I haven’t been taking many walks due to days of cold, drizzly rain and a hurt back. All has improved now, though. The son and I went out for a two-mile stroll on this fine spring day, and I was so revivified I wrote a little poem about it.
First the photos:
Late Spring Walk
Forsythia and daffodil
Hellebores, Siberian squill,
Yellow, yellow, pink, and azure
After winter, winter, and winter
White and gray and gray
Spring returns one day
As we have faith it always will.
It was funny — funny odd – after the time change last week that you couldn’t tell a difference around here. That’s because the sun didn’t come out from behind the clouds for about five days. It was like one continual night, with lots of rain. Kind of in tune with my spirits of late. Until yesterday, when things finally brightened.
Then came today, the first day of spring. I was able to walk in the sun this afternoon wearing jeans and t-shirt, no jacket. My son accompanied me. Once you get them through the teen years, they become willing to be seen with you again. They’ll even indulge you in things like stopping to snap pictures of new blossoms. I think this is a magnolia tree. Whatever it is, it made me happy.
Despite everything going on in the world with humans and viruses, spring is not in quarantine. It’s a little chilly here, but the sun is out for the first time in days, so I ventured out for some fresh air, taking a short walk around the neighborhood, maintaining space from the many other folks I saw out doing the same thing. To be honest, a friendly wave from the distance is my preferred level of social interaction with most of my neighbors in normal times. Not that I dislike any of them. I’m just awkward and introverted.
I found it interesting that I saw as many pedestrians as cars out today in my mile-and-a-half amble. There’s a silver lining, I suppose.
And there are a few little groceries coming up in my yard and others.
Henbit really is edible. I’ve snacked on the flowers myself a number of times. Check out Edible Wild Food for more information on which parts are safe to eat.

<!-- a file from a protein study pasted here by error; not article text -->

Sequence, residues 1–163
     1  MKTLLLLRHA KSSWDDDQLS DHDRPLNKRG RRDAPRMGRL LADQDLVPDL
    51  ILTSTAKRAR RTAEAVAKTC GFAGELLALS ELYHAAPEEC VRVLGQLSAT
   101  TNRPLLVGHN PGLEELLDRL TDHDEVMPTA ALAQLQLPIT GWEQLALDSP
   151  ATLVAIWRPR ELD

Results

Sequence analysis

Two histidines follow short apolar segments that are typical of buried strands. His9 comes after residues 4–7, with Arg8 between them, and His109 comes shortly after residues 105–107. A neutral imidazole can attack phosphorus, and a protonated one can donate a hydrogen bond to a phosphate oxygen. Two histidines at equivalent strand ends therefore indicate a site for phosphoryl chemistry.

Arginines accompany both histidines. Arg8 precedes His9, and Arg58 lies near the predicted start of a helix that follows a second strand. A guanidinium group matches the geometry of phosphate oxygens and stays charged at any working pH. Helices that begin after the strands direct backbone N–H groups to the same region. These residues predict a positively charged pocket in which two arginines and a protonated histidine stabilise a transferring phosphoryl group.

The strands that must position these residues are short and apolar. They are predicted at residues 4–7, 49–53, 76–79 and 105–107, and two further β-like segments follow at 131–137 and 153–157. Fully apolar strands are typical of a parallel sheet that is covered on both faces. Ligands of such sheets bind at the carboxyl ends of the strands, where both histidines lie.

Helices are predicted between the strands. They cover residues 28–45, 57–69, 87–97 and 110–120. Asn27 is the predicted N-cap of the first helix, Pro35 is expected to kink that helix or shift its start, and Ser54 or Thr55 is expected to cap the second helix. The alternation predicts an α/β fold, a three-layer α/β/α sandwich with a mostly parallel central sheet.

I’ve never researched magnolia trees, so I don’t know if they do anything other than look beautiful. If not, that’s enough. The blooms are starting to open.
The world continues to function, more or less. Humanity is only a part of it.
Here it is mid-April and a good chunk of the country is freeezzzziiiinng. That Laura Ingalls Wilder book, “The Long Winter” is going to need to be renamed “The Longish Winter” now that there’s this one to compare it to.
But I’m soldiering on. I’m participating in the 30 Days of Biking April challenge by walking every day and calling it 30 Days of Walking. I’m participating in National Poetry Writing Month, informally, by writing a poem every day but keeping most of them to myself instead of linking to the official site. I guess I have a hard time conforming or something. Which is a segue to a poem I am going to share.
I hope to start an uprising, a rebellion if you will, called “Kick Winter Out of April.” Here’s the manifesto.
Fine. I’ll hold off on planting vincas
but I won’t succumb to a parka.
The wind might chap my skin
but I won’t pretend it’s winter
when the calendar’s shown spring
for weeks. The hyacinth
and magnolia stand with me
if not heartiness.
Their blooms aren’t the best
this year, yet they make their stand.
I, too, go forth as planned –
no coat, no scarf, no hat.
Gooseflesh? Shivering? I’ve had worse than that.
I will not concede. My arms are bare!
I declare spring. So there!